I have read most of Joseph Epstein’s collections of essays dating back to Divorced in America: Marriage in an Age of Possibility (1974) but Essays in Biography was the first I have reviewed and A Literary Education will be the second. With regard to his background, here is a brief bio provided by Amazon: “Joseph Epstein is the author of the best-selling Snobbery and of Friendship, as well as the short story collections The Goldin Boys and Fabulous Small Jews, among other books, and was formerly editor of the American Scholar. His work has appeared in The New Yorker, Harper’s Magazine, the Atlantic Monthly, and other magazines.” This is the 13th collection of Epstein’s essays, with the earliest, “A Stillness at Little Rock,” published in the New Leader Magazine in 1959.
The title of my review refers to what Epstein discusses in his introductory essay, “A Literary Education: On Being Well-Versed in Literature.” He concludes this essay with an observation by Bertolt Brecht: “First grub, then ethics.” As for Epstein, “A bad idea, I would say. A better idea is, ‘First reality, then ideas.’ This in any case is what my own education has taught me.” Also, he suggests, the material in this volume “is not united by the biographical or any other theme but instead covers the range of my interests and preoccupations as an essayist over a writing career that spans more then fifty years: education, language, the arts, magazines, intellectuals, the culture.”
There are thirteen essays, with the earliest dating back to 1969. In it, “Coming of Age in Chicago,” he shares a number of experiences with which I could immediately identify. I am a year older than he and also grew up in Chicago. He speaks for me and countless others when observing, “When I look back on it now, it all seems a bit like bad Damon Runyan, but it was very rich stuff at the time. The entire set-up was one I felt wonderfully comfortable in.”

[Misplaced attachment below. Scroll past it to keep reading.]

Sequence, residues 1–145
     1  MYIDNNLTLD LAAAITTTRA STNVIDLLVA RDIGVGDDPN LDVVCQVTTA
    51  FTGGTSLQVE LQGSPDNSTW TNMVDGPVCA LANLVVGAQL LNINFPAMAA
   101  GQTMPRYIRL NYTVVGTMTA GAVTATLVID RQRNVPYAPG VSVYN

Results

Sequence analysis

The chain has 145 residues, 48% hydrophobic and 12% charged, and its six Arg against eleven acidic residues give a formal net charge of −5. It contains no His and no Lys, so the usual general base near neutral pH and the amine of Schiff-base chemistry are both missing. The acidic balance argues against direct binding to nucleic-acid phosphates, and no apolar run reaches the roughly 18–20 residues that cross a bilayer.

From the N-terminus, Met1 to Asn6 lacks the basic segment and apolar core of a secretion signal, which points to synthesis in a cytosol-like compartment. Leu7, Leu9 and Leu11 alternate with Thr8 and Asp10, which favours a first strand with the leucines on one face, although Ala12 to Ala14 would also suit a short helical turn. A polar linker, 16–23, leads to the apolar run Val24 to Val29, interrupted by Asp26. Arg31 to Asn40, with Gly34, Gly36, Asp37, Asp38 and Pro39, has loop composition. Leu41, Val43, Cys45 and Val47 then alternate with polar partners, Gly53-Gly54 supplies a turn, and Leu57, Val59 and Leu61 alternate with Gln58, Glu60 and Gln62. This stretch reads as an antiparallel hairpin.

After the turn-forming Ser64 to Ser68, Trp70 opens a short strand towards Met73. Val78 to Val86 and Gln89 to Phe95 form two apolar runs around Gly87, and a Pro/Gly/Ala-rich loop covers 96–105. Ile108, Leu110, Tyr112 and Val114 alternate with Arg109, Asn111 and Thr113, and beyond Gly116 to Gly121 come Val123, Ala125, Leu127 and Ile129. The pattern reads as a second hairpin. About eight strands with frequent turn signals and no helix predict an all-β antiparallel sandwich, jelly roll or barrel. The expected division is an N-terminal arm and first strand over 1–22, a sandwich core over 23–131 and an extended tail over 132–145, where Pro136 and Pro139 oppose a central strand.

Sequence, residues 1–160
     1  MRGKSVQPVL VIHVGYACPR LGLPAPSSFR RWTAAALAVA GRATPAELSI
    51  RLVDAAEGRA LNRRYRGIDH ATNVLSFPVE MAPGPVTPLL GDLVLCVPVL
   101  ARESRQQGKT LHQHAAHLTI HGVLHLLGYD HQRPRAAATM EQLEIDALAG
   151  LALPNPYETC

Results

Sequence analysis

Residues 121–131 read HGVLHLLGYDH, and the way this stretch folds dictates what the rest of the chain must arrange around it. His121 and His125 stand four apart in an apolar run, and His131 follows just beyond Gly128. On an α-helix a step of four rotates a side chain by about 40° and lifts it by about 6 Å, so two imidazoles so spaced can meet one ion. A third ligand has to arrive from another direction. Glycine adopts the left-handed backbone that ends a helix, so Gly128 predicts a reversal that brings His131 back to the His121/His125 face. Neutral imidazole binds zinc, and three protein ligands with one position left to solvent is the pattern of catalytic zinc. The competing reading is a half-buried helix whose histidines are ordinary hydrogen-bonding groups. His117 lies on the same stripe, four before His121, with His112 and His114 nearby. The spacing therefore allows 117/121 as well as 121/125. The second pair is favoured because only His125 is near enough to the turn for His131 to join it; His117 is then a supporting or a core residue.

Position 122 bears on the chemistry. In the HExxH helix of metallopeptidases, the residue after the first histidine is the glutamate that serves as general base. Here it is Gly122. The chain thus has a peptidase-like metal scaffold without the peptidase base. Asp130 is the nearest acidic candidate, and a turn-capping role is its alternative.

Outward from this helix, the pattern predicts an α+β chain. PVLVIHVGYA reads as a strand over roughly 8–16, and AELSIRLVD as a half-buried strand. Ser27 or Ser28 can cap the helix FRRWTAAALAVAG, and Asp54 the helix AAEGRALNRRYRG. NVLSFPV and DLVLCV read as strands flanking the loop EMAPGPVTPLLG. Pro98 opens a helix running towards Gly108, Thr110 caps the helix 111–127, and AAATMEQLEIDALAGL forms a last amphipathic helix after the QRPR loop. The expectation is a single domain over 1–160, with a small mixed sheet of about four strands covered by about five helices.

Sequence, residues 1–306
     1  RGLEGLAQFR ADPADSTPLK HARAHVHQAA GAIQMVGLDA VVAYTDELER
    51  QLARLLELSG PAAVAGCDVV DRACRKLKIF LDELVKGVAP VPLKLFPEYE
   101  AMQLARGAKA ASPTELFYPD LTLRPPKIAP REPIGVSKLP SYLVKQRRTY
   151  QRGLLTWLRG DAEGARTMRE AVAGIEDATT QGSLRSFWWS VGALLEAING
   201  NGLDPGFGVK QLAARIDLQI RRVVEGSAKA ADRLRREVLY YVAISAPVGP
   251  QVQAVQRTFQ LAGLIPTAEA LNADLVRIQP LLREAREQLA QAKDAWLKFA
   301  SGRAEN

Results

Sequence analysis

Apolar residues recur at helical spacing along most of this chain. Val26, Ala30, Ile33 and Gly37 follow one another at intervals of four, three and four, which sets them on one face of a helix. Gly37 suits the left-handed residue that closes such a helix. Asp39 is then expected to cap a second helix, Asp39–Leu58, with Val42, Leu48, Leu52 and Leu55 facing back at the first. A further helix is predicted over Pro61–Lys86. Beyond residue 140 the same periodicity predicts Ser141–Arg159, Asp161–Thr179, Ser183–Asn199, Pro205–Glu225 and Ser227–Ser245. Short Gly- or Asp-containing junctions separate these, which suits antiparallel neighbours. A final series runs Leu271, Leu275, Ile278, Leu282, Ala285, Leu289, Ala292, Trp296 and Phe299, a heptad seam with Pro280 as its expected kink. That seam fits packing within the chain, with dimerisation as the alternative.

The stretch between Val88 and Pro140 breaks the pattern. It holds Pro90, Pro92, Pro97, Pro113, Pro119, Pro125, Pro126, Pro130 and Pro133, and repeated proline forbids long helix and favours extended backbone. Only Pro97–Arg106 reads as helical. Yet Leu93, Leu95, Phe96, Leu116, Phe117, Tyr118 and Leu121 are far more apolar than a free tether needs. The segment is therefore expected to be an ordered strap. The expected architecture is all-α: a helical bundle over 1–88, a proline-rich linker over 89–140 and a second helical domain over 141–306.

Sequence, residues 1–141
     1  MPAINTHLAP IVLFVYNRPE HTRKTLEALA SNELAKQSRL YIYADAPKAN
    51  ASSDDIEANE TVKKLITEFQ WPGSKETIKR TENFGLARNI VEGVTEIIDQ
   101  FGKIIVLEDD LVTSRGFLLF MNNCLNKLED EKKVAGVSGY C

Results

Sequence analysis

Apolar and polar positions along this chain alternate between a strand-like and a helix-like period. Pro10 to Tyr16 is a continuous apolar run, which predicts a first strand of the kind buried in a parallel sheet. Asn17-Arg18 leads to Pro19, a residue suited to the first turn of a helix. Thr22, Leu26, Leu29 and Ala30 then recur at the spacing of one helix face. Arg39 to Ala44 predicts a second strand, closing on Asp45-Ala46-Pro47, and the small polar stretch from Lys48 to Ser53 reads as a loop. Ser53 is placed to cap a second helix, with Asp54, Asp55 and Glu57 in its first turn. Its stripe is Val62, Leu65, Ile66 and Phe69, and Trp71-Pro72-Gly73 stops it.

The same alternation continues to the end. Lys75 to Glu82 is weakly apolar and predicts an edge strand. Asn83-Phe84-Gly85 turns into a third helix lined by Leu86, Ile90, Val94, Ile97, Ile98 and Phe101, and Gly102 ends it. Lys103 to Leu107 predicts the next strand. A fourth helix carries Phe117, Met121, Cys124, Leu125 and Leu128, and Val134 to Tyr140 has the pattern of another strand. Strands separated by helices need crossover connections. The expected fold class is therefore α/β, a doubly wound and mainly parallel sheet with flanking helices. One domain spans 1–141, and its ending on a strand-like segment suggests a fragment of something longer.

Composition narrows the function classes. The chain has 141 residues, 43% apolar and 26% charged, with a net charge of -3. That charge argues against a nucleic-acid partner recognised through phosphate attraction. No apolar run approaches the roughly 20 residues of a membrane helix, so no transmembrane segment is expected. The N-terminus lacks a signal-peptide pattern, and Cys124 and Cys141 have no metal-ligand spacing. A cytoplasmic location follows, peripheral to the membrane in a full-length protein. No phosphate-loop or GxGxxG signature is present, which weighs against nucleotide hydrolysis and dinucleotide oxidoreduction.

These are among the dozens of subjects or themes that he discusses with rigor and eloquence:
o What it means to be “well-versed in literature”
o Fraternity life at the University of Illinois
0 The defining characteristics of the 1950s
o The power of permanent opposition
o How and why Chicago was a “toddlin’ town”
o Radical changes in society in the 1960s and 1970s
o What cosmetic surgery “is really all about”
o Whose country ’tis of thee?
o Why boredom is not easily defined but can be described
o What to do about the arts…especially poetry
o Culture and capitalism
o The “academic zoo” in which theory rules
o Will the liberal arts ever arise from the dead?
o The feud between prescriptives and descriptives in linguistics
o The New Leader paradigm and what it reveals
Whenever I read one of Joseph Epstein’s collections of essays, I am again reminded of Whitman’s statement in “Song of Myself” when asking, “Do I contradict myself? Very well, then. I contradict myself. I am large. I contain multitudes.” Here is someone who can channel Myron Cohen, Montaigne, Garrison Kielor, and E.B. White…in the same essay and sometimes in the same paragraph. His mind resembles a Swiss Army knife.